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Sowing the seeds of change.

June and July have been very busy months with numerous trips and a visit to a couple of places twice.

I will start with the secret gardens of Royal Botanic Gardens, Kew. The gardens are approximately 465 acres hidden in the heart of the Sussex countryside and what a place this really is!

Wakehurst is not only a botanical garden, it is a research centre and home to the Millennium Seed Bank. On the surface when you visit Wakehurst, you presume it is just another large garden to wander around on lazy days, but this place is so much more. Whilst it contains modern and edgy buildings the exception is the Elizabethan House within and, you would be forgiven for having this notion. As you pass through the glass entrance and into the main grounds, it is apparent this is a place to get immersed in.

Masked up to pass through, I am relieved to get to the other side and be free of the constraints this pandemic has placed upon us. The warm June sunshine hits me and it’s another scorcher of a day. Armed with my Canon, a 28-90mm and 70-300mm lens, I am ready to create some photographic joy.

Following the pathway straight ahead, I come into contact with a pair of birds I have been dying to get shots of. Once was a time I would see these in every field I passed locally and, now unless you are in really rural parts, these birds are a rarity. My first close encounter had come a few weeks earlier when one had randomly turned up in my garden. Unfortunately the best shot I could get was on the CCTV which initially had me wondering which of my crazy neighbours had suddenly decided they needed chickens, only to see the tail and realise it was an ever so colourful, handsome and illusive pheasant. I say colourful, truth be told the females do not possess the same colouring of the males. Here I was, my first ever trip to Wakehurst and I have a male and female before me. Another fun fact about pheasants. Whilst they are well known game bird, they are not native to the UK. They are in fact from Asia and were introduced to Europe by the Romans and possibly to the UK in the 11th century by the Normans. It is referenced by the Wildlife Trust that up until the 19th century, these bird possibly became extinct here and were then reared by gamekeepers and became common again. They also come in a variety of colours with the males being spotted in the common red colouring of the ring necked pheasant as pictured here to a silver colouring and less common green/blue of the swinhoe’s pheasant which the latter two are generally farm kept and bred.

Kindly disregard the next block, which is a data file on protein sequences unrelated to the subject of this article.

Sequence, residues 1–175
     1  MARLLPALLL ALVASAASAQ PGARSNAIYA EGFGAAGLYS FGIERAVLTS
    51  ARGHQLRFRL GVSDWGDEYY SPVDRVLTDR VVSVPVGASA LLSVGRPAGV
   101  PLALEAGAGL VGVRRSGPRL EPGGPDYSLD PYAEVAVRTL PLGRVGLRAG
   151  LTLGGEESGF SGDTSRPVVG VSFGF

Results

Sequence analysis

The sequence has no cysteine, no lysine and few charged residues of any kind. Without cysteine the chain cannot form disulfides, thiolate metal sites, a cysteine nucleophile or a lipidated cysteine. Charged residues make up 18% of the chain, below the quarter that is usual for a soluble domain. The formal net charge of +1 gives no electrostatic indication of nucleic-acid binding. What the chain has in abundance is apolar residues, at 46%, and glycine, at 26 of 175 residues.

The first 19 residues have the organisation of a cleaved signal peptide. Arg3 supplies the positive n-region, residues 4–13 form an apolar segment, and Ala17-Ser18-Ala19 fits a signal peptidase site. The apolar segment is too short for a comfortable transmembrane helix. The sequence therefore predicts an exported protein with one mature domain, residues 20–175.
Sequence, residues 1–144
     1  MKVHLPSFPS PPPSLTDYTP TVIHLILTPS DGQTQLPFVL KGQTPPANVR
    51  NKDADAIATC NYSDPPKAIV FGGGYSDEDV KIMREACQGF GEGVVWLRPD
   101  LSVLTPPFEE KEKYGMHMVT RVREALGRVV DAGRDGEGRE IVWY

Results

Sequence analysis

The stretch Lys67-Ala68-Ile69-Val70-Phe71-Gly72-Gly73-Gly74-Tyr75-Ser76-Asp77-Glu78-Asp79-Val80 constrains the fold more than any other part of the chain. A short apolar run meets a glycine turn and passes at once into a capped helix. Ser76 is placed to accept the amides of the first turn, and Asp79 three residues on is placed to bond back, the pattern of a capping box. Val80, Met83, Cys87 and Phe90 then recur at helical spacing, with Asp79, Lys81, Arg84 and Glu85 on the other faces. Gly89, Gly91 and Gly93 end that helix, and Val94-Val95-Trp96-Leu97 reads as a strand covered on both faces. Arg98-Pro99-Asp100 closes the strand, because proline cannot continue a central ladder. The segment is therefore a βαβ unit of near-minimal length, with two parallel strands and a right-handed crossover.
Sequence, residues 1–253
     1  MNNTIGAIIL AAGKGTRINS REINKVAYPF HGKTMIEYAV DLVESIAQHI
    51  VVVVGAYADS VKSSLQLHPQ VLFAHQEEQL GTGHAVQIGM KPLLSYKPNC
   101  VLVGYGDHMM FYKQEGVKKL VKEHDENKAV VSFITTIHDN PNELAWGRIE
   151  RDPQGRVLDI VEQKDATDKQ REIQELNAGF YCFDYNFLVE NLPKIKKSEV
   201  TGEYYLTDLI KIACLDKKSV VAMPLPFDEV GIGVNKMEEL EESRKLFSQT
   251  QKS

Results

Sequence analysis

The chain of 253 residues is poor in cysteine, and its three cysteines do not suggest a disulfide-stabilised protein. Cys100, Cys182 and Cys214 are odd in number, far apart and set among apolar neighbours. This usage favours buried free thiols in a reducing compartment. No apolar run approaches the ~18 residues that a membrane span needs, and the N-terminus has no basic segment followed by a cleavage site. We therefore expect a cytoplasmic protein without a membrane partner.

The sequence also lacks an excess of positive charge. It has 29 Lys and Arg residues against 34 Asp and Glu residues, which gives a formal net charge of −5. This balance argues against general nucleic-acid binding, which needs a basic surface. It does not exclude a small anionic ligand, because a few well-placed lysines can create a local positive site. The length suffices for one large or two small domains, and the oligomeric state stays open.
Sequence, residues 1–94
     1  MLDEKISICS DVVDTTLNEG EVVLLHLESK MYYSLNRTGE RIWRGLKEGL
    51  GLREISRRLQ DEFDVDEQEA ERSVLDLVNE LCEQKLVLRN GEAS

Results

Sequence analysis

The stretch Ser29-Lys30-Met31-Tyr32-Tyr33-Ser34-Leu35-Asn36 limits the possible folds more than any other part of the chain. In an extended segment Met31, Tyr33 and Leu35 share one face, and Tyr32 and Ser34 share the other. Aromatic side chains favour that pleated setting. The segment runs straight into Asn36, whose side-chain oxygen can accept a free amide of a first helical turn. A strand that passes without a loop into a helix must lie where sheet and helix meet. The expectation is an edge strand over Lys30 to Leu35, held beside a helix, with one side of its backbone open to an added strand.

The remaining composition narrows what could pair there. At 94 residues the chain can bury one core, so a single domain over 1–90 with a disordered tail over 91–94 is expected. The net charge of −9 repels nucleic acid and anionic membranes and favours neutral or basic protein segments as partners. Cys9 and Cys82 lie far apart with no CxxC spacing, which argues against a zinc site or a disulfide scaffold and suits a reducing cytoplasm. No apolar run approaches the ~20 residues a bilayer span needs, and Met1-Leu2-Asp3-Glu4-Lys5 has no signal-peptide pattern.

Female Pheasant

Camera at the ready and iPhone to video, I begin to snap away. However, there is always a complication. My old friends, the ever curious and problematic members of the public. I mean this of course in the friendliest of terms with a hint of affection. However, the public see me and a large camera and without fail proceed to make things very difficult. I never really see them coming when I am focused on getting these images. They seem to creep up behind me and then startle me and the creatures before me, by making a bit of a racket. Breathe now, I say to myself, just breathe…

Photos achieved, I continue on and I come to a beautiful pond.

It’s approximately 23 degrees hot but it feels more like 30. The pond has a very large imposing tree in the centre of it. With a gentle breeze in the air, rippling the waters of the pond, you can still see a clear reflection. Lilies, frame the edges with a smattering of pink and white flowers. A stunning Elizabethan House is adjacent to the pond and there appears to be a small orchard in the making either side with some greylag geese having a siesta in between, whilst others take a stroll around the grounds.

The Mansion as it is known, is closed at present but within it contains a remarkable gallery of botanical artwork. There is also a history with this property. Formerly owned by Gerald Loder, who later became Baron Wakehurst. He was the 7th son of Sir Robert Loder 1st Baronet and a Conservative Politician. He wasn’t just a politician either, he was a successful archaeologist, barrister, businessman and sportsman, who had a passion for travel, botanics and plants.

Born in 1861, he went on to study at Eton and then Trinity College, Cambridge. He graduated as a Barrister from the Inner Temple. It is believed it was his travels around the world, which first sparked his interests in plants from the regions of Australia, Canada, China, India, Japan and the USA.